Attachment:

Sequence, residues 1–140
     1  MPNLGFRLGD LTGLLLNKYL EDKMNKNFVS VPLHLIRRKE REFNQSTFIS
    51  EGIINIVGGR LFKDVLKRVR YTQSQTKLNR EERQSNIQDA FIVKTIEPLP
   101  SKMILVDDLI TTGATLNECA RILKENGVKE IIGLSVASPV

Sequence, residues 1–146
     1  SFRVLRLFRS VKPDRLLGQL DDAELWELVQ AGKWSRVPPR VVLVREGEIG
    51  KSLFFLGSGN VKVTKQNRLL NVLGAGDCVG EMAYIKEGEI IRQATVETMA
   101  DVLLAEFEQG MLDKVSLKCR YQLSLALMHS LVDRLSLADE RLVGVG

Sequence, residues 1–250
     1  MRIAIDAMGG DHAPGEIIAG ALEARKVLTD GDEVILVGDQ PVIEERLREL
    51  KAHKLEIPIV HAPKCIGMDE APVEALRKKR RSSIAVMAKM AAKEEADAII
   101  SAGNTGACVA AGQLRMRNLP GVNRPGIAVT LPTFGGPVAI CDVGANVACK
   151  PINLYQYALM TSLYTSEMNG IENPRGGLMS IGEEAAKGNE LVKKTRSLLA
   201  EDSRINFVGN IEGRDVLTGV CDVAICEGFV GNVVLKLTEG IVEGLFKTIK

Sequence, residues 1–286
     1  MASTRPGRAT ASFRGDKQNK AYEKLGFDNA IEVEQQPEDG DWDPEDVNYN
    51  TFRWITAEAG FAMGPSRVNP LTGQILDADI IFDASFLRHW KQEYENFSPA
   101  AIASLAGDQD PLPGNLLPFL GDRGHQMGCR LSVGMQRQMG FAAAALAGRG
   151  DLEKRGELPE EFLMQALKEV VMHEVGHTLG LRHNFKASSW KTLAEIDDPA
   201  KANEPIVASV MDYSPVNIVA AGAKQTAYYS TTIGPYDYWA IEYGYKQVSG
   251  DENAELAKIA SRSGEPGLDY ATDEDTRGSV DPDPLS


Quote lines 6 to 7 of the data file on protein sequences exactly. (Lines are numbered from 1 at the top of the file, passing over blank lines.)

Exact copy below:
     1  SFRVLRLFRS VKPDRLLGQL DDAELWELVQ AGKWSRVPPR VVLVREGEIG
    51  KSLFFLGSGN VKVTKQNRLL NVLGAGDCVG EMAYIKEGEI IRQATVETMA